John Szepietowski considers a Directors’ Duties to its Company

There are seven general directors’ duties owed to a company. These duties, under the Companies Act 2006 are owed to the company and with limited exceptions (principally derivative claims by the shareholders), only the company can enforce them. Other rules of company law may apply, including a duty for directors to consider or act in the interests of creditors.

The Seven General Duties

To Act within Powers

This duty derives from section 171 of the Companies Act 2006 (CA 2006). The powers of the directors are contained in a company’s constitution, directors must act in accordance with the constitution and only exercise their powers for the purpose for which they are conferred. It is therefore important that directors are familiar with their company’s constitution. The constitution may entitle the shareholders to direct directors to take (or limit) specific actions.

To Promote the Success of the Company

A director must act in a way that they consider, in good faith, to promote the success of the company for the benefit of the members as a whole. It is a subjective test and the director must have had at the time thought it would promote the success of the company and must have regard to the list set out in section 172 CA 2006: the likely long term consequences; interests of the employees; the need to foster good business relationships; impact on the environment and the community; the maintenance of the company’s reputation; act fairly between the members and any other relevant circumstances.

To Exercise Independent Judgment

Directors are required to act independently, without subordinating their powers of the will of others. Directors can take legal and financial advice, but must not fetter discretion. There are exemptions to the rule set out in s173 CA 2006, whereby the director is acting in accordance with an arrangement entered into by the company and also, a judgment that is authorised by the constitution.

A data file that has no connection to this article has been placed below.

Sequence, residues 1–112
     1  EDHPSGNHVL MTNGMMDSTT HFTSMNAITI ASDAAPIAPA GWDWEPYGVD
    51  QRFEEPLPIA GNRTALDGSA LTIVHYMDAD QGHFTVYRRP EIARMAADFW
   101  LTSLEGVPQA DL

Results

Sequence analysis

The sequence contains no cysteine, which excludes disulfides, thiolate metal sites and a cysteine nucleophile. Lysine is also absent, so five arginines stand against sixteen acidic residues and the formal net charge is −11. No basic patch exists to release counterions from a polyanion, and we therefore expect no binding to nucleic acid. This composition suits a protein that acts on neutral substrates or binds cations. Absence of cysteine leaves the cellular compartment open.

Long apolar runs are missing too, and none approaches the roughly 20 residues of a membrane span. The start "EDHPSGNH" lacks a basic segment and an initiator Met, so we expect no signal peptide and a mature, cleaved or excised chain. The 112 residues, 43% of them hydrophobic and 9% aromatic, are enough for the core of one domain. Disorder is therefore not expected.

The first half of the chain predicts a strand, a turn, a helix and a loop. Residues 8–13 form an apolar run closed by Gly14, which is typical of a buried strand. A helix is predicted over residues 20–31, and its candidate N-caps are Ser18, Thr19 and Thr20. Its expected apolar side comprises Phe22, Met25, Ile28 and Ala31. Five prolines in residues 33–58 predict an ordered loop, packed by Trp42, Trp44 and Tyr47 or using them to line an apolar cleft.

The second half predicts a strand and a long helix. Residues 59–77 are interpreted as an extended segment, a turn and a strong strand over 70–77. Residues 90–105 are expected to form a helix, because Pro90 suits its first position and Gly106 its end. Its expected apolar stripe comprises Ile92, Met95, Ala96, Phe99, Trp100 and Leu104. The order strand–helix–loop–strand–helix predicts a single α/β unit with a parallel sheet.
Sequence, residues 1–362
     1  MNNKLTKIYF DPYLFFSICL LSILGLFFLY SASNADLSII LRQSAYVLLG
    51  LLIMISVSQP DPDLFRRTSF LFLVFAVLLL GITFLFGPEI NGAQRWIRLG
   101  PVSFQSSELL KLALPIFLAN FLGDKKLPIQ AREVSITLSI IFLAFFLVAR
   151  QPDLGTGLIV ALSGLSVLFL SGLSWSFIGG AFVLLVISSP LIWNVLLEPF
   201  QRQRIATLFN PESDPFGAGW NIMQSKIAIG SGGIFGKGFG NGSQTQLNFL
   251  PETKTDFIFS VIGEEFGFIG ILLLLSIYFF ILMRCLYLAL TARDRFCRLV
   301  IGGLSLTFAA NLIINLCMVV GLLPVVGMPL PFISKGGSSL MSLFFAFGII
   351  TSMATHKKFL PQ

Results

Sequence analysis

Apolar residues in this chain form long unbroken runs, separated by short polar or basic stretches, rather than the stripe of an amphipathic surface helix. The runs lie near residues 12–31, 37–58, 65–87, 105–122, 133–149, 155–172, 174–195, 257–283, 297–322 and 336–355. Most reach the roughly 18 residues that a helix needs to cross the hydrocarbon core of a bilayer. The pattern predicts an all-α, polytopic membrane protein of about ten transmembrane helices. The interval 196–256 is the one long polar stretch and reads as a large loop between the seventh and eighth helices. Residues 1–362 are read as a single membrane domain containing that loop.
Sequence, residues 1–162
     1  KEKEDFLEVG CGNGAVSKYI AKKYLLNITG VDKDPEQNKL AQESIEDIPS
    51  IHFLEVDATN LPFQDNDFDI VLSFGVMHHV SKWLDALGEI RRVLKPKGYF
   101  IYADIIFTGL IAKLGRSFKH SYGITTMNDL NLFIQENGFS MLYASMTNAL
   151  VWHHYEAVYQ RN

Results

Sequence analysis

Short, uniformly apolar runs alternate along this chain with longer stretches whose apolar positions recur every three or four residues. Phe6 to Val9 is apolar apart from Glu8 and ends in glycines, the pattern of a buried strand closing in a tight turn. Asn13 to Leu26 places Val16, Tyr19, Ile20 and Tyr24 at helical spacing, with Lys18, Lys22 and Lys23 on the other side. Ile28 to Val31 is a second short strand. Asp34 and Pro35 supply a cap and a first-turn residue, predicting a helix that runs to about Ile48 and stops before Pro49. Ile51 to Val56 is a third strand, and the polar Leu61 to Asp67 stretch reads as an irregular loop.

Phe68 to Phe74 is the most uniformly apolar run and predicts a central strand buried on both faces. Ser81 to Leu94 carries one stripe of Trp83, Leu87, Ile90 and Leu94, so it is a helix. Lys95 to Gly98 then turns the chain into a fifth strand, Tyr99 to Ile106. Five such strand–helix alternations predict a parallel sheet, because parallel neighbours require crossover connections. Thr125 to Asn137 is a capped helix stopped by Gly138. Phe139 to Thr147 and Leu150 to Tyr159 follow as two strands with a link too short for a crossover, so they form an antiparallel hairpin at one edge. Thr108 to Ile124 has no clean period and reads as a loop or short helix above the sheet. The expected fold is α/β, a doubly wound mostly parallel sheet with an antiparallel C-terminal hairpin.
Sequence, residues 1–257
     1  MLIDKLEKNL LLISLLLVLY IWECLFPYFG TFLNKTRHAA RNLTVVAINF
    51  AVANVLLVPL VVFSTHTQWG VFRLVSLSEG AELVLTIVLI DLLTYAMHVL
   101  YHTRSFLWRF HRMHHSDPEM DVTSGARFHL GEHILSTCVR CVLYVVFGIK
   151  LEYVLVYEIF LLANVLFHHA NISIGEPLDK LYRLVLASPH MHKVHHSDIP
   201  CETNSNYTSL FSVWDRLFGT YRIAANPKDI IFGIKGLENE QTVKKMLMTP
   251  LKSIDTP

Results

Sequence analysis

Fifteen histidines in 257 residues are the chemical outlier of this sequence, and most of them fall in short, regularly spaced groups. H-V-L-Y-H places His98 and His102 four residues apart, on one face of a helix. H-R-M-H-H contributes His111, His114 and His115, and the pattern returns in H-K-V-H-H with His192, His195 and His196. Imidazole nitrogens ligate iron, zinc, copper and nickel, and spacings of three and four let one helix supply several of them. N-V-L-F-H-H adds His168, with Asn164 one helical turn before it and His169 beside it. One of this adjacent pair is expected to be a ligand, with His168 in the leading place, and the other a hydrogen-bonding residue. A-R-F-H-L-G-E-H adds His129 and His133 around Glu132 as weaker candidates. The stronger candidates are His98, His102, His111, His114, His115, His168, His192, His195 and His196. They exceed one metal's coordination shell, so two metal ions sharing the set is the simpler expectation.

To Exercise Due Care, Skill and Diligence

In carrying out their responsibilities, directors must exercise reasonable care, skill and diligence (s174 CA 2006). This involves a minimum objective standard of what would reasonably be expected generally of someone performing the director’s functions, taking an objective viewpoint. This is supplemented and raised by a subjective standard that takes into account the general knowledge, skill and experience that the director has. Under the objective test, more might be expected of a director with an executive function. Under the subjective test, more could be expected of a director having specific relevant knowledge, skills and experience. Directors should be sufficiently familiar with the company’s affairs, including its financial position, to meet their responsibilities for the management of the company’s business and should ensure that they have relevant information for this purpose.

To Avoid Conflicts of Interest

Directors must avoid any situation in which they have, or can have, a direct or indirect interest that conflicts or may conflict with the interests of the company. In particular, a director must not make a profit from being a director, unless it is authorised by the company. There are exceptions to this duty: where the interest is created by a contract between the company and director; the board authorised the matter giving rise to the conflict; and the situation cannot reasonably be regarded as giving rise to a conflict.

Not to Accept Benefits from Third Parties

This is a broad and strict duty which prevents a director from accepting a benefit from a third party conferred by reason of the director being a director or doing or omitting to do anything as a director. It would include, but is not limited to, taking gifts as a form of bribery. A third party is any person other than the company. The duty continues to apply to former directors in relation to acts or omissions when a Director.

To Declare Interests in Transactions or Arrangements with the Company

If a director is in any way directly or indirectly interested in a proposed transaction or arrangement with the company, the director must declare the nature and extent of the interest to the other directors and this declaration must be made before the company enters into the transaction of arrangement. A director need not declare an interest in some cases, for instance, if the other directors are, or ought to be, aware of the interest. Where a director becomes, or ought reasonably to become, aware of an interest arising after the company has entered into a transaction or arrangement, the director must declare it as soon as is reasonably practicable.

If you believe that you need assistance or further information in relation to any of the above, please contact John Szepietowski at Audley Chaucer Solicitors on 01372 303444 or email us at or visit our Linkedin page.

Related News